One of the more interesting behind-the-scenes additions in Android 5.1 is a new carrier provisioning API that provides functionality which likely benefits carriers and customers alike. Any time you join a carrier, you get services along with your account, whether it's Play Store billing, visual voicemail, premium subscription services billed to your account, or any number of other things. For as long as Android has existed, the methods used to provision these services on a customer's account have varied widely from carrier to carrier, and there was no standard way of doing it.

While this normally wouldn't be an issue on carrier-branded phones or tablets, what happens when you bring an off-contract AT&T phone over to T-Mobile, or you buy a Nexus phone that doesn't have carrier-specific framework APKs installed? In a lot of these cases, you simply can't use the app or service you want because the back-end infrastructure isn't there to support it. Some good examples would be trying to use Verizon's visual voicemail app on a Nexus 6, or maybe some of T-Mobile's premium services on a Galaxy Note 4 that you brought over from AT&T. It's simply not going to work.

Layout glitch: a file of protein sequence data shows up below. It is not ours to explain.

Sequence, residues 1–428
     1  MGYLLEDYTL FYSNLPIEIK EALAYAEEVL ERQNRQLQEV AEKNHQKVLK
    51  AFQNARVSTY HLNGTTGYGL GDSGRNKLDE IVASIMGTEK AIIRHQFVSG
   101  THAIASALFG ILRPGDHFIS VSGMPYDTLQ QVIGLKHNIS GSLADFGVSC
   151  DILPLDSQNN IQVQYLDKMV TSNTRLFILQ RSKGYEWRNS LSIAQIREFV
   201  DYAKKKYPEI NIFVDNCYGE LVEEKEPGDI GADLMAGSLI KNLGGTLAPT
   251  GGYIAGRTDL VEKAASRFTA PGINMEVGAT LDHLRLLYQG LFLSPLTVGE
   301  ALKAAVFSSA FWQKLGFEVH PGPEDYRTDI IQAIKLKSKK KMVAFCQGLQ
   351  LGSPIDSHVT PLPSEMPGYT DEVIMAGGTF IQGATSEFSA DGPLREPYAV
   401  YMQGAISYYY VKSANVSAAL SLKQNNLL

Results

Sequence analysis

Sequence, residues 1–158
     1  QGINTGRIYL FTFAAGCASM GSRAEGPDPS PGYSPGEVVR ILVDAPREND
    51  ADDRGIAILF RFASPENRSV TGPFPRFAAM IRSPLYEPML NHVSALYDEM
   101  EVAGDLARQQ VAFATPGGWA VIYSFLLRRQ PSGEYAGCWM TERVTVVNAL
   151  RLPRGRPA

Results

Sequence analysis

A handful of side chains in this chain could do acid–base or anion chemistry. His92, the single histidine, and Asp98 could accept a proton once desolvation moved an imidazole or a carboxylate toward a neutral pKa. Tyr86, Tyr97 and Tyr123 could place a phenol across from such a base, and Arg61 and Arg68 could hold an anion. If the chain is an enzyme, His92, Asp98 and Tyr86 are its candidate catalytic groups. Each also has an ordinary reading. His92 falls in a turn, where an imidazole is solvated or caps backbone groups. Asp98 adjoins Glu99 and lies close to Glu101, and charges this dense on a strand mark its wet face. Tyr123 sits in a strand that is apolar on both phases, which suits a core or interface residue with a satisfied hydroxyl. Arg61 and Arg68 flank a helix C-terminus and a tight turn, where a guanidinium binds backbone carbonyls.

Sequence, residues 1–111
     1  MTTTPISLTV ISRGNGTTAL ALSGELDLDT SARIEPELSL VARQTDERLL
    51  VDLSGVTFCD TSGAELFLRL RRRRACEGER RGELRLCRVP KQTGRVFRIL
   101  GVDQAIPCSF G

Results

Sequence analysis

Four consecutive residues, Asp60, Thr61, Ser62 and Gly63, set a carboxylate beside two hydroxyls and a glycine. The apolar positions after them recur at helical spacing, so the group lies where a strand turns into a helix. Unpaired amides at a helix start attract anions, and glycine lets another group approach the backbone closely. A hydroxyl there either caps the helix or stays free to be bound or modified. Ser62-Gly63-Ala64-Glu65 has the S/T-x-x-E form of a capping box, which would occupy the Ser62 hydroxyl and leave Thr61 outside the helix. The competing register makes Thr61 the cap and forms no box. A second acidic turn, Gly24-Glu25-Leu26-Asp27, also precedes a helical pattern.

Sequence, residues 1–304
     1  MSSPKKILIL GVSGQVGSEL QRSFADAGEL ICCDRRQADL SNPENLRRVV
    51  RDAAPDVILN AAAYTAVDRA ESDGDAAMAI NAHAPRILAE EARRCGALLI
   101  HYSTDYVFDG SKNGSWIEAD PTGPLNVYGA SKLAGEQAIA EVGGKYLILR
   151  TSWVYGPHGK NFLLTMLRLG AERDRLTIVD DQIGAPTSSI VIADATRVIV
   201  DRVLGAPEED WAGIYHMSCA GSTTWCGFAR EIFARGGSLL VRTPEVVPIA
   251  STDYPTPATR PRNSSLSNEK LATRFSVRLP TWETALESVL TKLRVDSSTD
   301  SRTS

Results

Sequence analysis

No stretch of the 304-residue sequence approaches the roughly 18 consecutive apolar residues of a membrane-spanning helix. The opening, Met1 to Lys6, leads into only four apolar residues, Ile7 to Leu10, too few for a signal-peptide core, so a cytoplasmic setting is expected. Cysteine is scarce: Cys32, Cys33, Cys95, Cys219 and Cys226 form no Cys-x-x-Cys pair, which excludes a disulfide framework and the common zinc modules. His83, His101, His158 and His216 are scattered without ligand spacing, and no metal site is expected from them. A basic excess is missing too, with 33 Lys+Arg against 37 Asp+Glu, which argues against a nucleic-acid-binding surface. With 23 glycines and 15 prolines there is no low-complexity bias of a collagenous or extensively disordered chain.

Using this new, primarily SMS- and SIM-based API, apps can have a native way of provisioning services on an account. From the documentation, it appears that each individual carrier app would use this API to authenticate your account and make sure that the service you're requesting is available to you. Further, a provider could also use this API to allow you to subscribe to services on-demand should you so desire.

While this may seem like a fairly niche use case, something like this could well be setting carriers in places like the US, Canada, and Australia up for a future where people buy their devices elsewhere and pick the carrier later. As that happens, carriers will definitely need functionality like this to ensure that they can offer "value added" services to their customers regardless of what device they're using.